Here’s my question about our modern ruling class. How come, about the moment in 1850 when the condition of the working class started to improve for the first time since whenever did Marx and Engels decide we had to do something about it? How come about the time that humans turned the corner on racism in the Sixties did the ruling class become obsessed with stamping out racism? How come about the time that women became free of involuntary childbearing with the Pill did the ruling class decide that women were helpless victims? How come about the time that advances in human technology meant that we could probably survive an abrupt change in climate did our ruling class become obsessed with saving the planet?

(OK, I know. There is no-one like an intellectual for kicking in an open door).

There is something pathological going on here. Maybe the only way to fix it is a genuine world war with Islam and ramped-up #BlackLivesMatter mayhem in the cities. That would force the elite to get back to the real job of government. For a change.

Christopher Chantrill blogs at www.roadtothemiddleclass.com.

Buy his Road to the Middle Class.

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Faith & Purpose

“When we began first to preach these things, the people appeared as awakened from the sleep of ages—they seemed to see for the first time that they were responsible beings, and that a refusal to use the means appointed was a damning sin.”
Finke, Stark, The Churching of America, 1776-1990


Mutual Aid

In 1911... at least nine million of the 12 million covered by national insurance were already members of voluntary sick pay schemes. A similar proportion were also eligible for medical care.
Green, Reinventing Civil Society


Education

“We have met with families in which for weeks together, not an article of sustenance but potatoes had been used; yet for every child the hard-earned sum was provided to send them to school.”
E. G. West, Education and the State


Living Under Law

Law being too tenuous to rely upon in [Ulster and the Scottish borderlands], people developed patterns of settling differences by personal fighting and family feuds.
Thomas Sowell, Conquests and Cultures


German Philosophy

The primary thing to keep in mind about German and Russian thought since 1800 is that it takes for granted that the Cartesian, Lockean or Humean scientific and philosophical conception of man and nature... has been shown by indisputable evidence to be inadequate. 
F.S.C. Northrop, The Meeting of East and West


Knowledge

Inquiry does not start unless there is a problem... It is the problem and its characteristics revealed by analysis which guides one first to the relevant facts and then, once the relevant facts are known, to the relevant hypotheses.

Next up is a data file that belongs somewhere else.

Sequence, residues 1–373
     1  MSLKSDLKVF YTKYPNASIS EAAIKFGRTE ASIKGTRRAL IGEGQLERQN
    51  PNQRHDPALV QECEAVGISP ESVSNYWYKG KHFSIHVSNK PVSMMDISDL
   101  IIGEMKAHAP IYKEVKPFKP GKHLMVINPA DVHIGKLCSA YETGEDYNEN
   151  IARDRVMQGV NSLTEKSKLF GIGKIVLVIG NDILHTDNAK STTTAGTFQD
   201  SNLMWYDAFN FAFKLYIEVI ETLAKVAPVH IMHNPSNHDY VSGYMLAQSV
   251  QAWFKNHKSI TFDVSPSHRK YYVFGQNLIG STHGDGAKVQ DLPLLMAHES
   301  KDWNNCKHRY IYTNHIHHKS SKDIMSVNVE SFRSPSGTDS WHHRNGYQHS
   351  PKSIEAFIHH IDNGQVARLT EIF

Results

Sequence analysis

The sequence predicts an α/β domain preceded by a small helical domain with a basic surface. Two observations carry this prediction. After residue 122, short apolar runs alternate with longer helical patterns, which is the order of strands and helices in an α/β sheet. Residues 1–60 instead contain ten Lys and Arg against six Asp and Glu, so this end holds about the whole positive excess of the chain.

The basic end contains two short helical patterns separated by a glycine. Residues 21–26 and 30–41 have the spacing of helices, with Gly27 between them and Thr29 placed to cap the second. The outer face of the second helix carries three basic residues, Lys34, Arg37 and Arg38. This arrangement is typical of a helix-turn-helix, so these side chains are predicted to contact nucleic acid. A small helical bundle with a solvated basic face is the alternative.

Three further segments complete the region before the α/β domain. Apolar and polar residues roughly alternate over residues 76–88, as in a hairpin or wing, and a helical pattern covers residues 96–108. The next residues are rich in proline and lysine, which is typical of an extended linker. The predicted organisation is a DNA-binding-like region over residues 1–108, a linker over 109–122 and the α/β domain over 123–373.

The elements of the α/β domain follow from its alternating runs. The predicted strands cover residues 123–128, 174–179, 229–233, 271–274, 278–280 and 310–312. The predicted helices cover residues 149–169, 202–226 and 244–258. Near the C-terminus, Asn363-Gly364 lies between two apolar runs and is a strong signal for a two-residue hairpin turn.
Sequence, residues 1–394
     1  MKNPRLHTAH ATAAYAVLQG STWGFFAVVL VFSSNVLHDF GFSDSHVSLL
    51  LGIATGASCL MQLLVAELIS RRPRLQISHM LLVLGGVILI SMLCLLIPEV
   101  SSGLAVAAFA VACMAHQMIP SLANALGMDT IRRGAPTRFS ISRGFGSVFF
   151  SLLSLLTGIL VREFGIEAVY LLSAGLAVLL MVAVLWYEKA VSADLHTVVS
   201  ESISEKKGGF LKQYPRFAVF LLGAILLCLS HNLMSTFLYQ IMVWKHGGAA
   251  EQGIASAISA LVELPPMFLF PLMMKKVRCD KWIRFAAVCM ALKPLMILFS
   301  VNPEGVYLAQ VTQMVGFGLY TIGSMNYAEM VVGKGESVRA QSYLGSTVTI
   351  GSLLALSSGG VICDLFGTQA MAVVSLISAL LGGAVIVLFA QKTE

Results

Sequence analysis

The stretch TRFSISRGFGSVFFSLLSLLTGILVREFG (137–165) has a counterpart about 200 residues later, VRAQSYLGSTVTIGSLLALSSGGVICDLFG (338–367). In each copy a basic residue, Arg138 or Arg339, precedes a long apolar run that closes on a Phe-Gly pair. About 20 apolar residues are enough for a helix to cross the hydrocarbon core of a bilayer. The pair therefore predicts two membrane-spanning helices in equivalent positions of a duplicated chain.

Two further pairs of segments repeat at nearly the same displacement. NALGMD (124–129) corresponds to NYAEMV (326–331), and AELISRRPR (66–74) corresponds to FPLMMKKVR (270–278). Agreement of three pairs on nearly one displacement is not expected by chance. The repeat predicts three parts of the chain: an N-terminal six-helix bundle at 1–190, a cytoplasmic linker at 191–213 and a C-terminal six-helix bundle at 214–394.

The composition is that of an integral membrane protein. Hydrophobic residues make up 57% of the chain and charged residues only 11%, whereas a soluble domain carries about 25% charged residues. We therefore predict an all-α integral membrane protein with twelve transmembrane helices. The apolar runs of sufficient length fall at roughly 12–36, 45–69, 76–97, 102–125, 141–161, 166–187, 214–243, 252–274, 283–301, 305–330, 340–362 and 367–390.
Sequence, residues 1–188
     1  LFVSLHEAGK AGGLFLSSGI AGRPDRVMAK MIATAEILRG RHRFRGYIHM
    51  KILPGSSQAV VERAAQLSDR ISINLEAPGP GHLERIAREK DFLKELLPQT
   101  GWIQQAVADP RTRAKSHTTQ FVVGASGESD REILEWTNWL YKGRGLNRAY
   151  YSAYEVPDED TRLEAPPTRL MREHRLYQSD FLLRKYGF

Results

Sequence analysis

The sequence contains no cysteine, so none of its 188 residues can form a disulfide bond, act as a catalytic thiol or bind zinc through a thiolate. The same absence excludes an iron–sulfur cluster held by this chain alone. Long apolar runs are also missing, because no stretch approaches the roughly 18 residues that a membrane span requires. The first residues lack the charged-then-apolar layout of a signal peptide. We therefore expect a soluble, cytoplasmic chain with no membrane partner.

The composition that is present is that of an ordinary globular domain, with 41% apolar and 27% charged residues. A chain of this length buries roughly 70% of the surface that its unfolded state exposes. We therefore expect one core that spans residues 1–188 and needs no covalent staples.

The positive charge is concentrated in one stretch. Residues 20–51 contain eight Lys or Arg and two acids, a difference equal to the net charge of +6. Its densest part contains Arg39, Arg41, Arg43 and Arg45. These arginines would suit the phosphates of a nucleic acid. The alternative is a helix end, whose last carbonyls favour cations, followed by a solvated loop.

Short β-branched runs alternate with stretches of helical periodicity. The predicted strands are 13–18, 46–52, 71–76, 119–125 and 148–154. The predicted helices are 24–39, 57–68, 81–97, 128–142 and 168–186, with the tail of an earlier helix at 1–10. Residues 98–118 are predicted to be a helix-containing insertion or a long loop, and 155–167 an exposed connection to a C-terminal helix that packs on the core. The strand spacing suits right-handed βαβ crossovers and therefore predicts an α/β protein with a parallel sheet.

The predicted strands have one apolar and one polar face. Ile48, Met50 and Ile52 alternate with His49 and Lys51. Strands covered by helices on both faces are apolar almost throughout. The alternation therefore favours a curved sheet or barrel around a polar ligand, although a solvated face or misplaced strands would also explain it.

F.S.C. Northrop, The Logic of the Sciences and the Humanities


Chappies

“But I saw a man yesterday who knows a fellow who had it from a chappie that said that Urquhart had been dipping himself a bit recklessly off the deep end.”  —Freddy Arbuthnot
Dorothy L. Sayers, Strong Poison


Democratic Capitalism

I mean three systems in one: a predominantly market economy; a polity respectful of the rights of the individual to life, liberty, and the pursuit of happiness; and a system of cultural institutions moved by ideals of liberty and justice for all. In short, three dynamic and converging systems functioning as one: a democratic polity, an economy based on markets and incentives, and a moral-cultural system which is plural and, in the largest sense, liberal.
Michael Novak, The Spirit of Democratic Capitalism


Action

The incentive that impels a man to act is always some uneasiness... But to make a man act [he must have] the expectation that purposeful behavior has the power to remove or at least to alleviate the felt uneasiness.
Ludwig von Mises, Human Action


Churches

[In the] higher Christian churches... they saunter through the liturgy like Mohawks along a string of scaffolding who have long since forgotten their danger. If God were to blast such a service to bits, the congregation would be, I believe, genuinely shocked. But in the low churches you expect it every minute.
Annie Dillard, Holy the Firm


Conversion

“When we received Christ,” Phil added, “all of a sudden we now had a rule book to go by, and when we had problems the preacher was right there to give us the answers.”
James M. Ault, Jr., Spirit and Flesh


Living Law

The recognition and integration of extralegal property rights [in the Homestead Act] was a key element in the United States becoming the most important market economy and producer of capital in the world.
Hernando de Soto, The Mystery of Capital


presented by Christopher Chantrill